UCSB Science Line
Sponge Spicules Nerve Cells Galaxy Abalone Shell Nickel Succinate X-ray Lens Lupine
UCSB Science Line
How it Works
Ask a Question
Search Topics
Our Scientists
Science Links
Contact Information
Why dose blood turn red when it touches the air?
Question Date: 2006-10-05
Answer 1:

Blood is actually red all the time, but different colors of red. When you see blood outside the body it is usually a dark red. This blood is from the veins. Sometimes you may cut an artery. This blood is bright red. It also spurts out in pulses instead of oozing like the blood from veins. So even outside the body, blood can be different colors. (What's the difference between veins and arteries and why would that affect the color? Why does arterial blood spurt?) The blood vessels you see at the surface of your skin are veins. Everyone's skin is slightly different in color, so the veins can look different in different people, but blood is exactly the same color in everyone. It still doesn't look red. That's because we're seeing the *walls* of the veins too. When you see lemon- lime flavored soft drinks in plastic bottles they usually look green, but when you pour them out, they're often clear or yellow. It's not the blood that's bluish; it's the whole vein, including the walls, just like the soft drinks look green because they're in colored bottles.

Have you ever seen a totally white rabbit or mouse? They're called "albinos" because they can't make pigments (the substances that color our eyes, skin, and hair). Their veins look red, even though their blood is the same color as ours. Why is that?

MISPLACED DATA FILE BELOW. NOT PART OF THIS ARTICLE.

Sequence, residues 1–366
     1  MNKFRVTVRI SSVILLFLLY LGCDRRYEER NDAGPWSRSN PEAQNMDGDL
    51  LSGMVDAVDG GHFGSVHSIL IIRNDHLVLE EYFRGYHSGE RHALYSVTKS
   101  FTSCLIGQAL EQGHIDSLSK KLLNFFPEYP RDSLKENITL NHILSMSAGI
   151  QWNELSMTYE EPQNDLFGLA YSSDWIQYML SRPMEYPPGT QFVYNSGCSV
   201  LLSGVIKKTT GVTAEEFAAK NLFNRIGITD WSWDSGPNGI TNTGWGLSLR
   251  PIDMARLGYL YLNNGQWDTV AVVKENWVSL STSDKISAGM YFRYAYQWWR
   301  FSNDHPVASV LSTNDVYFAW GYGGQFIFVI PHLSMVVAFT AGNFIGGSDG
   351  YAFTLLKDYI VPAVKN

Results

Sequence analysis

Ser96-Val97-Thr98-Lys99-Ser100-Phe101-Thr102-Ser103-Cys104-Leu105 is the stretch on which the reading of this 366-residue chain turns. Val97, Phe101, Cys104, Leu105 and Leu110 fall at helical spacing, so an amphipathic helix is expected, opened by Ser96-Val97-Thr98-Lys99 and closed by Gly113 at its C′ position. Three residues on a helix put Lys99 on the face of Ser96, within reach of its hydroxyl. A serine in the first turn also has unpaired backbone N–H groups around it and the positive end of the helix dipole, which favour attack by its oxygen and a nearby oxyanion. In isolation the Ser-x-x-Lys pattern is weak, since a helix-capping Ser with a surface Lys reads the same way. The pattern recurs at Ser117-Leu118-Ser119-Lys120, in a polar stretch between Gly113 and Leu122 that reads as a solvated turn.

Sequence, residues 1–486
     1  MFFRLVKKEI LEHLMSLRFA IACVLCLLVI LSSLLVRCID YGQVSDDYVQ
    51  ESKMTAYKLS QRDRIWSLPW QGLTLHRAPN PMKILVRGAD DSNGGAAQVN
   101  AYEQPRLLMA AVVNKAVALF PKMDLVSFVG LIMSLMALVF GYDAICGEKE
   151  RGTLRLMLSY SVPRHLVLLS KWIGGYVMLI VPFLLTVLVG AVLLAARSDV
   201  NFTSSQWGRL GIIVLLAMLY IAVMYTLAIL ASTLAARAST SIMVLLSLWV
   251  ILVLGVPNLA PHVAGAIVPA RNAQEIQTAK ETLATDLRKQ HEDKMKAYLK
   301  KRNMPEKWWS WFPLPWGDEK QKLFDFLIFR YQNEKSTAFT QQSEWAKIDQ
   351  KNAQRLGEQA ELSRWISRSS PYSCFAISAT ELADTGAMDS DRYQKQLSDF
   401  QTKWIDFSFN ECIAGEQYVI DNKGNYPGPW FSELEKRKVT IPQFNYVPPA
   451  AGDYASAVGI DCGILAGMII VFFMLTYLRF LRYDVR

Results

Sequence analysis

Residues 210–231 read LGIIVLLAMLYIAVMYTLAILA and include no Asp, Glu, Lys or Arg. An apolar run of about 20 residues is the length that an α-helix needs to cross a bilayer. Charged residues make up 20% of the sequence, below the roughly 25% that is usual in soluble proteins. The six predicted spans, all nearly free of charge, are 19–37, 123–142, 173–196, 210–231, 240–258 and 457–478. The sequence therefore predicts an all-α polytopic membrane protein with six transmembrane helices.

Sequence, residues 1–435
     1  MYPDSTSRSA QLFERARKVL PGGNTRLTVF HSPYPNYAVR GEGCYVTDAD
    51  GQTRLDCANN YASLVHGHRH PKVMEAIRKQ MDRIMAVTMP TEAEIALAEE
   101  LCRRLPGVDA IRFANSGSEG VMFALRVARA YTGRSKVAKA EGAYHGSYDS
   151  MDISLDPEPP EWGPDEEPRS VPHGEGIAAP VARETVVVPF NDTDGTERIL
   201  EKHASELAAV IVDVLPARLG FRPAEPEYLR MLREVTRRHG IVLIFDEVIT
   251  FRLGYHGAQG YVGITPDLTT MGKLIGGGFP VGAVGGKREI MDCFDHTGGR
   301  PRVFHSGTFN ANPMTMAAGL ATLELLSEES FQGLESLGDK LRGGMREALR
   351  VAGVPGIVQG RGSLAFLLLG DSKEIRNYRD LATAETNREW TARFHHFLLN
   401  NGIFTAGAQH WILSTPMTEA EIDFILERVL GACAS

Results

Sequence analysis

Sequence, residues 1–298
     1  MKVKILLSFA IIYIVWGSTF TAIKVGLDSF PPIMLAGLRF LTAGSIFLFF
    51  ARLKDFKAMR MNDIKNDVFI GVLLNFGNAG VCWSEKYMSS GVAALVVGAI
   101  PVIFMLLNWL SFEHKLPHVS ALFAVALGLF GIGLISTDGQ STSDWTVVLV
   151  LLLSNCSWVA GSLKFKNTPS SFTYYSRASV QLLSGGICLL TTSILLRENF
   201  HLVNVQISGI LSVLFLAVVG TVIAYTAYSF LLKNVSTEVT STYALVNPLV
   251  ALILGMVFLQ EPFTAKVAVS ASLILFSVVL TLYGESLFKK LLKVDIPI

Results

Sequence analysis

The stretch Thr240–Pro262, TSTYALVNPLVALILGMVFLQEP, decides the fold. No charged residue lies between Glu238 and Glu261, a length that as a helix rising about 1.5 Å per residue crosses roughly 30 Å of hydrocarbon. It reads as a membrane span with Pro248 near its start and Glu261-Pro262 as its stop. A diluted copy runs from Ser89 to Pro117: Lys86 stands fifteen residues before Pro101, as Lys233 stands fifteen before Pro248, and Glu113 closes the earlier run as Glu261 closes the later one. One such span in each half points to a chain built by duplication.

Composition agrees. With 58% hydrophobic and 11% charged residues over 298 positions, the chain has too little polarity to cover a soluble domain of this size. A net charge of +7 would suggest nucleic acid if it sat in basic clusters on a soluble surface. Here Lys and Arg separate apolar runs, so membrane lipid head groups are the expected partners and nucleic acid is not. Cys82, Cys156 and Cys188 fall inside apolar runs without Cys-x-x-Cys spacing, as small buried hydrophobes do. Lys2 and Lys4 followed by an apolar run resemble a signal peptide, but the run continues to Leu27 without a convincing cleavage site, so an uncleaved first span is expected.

Thanks for asking.

Answer 2:

Blood is red ordinarily because the oxygen-containing compound, hemoglobin, contains iron, iron that becomes iron oxide (aka rust) when it combines with oxygen in the air.

Answer 3:

First off, it's important to note that blood is always red. Though we typically think of blood as bright red, blood can actually be several different hues, from a dark brown-red to a bright scarlet red. The colors and its variance are caused by a molecule in red blood cells called Hemoglobin, which contains the metal iron. Hemoglobin uses this iron to bind to oxygen molecules and transport the oxygen to all the cells in our body.

When blood passes through the lungs, the hemoglobin absorbs oxygen from the air we breathe and turns bright red. Our heart then pumps this blood all over the body. When it reaches its destination, the oxygen is released from the hemoglobin, and the hemoglobin turns a darker red-brown. Most of the blood vessels you can see on your body are veins, which carry the oxygen-depleted blood back to the lungs and heart. They appear blue because your skin and tissues block some of the light, but are actually filled with the darker red-brown blood.

When you cut a vein, the blood is exposed to all of the oxygen in the air, and the hemoglobin in the red blood cells binds to that oxygen just like it would in your lungs, turning the blood bright red.

Click Here to return to the search form.

University of California, Santa Barbara Materials Research Laboratory National Science Foundation
This program is co-sponsored by the National Science Foundation and UCSB School-University Partnerships
Copyright © 2020 The Regents of the University of California,
All Rights Reserved.
UCSB Terms of Use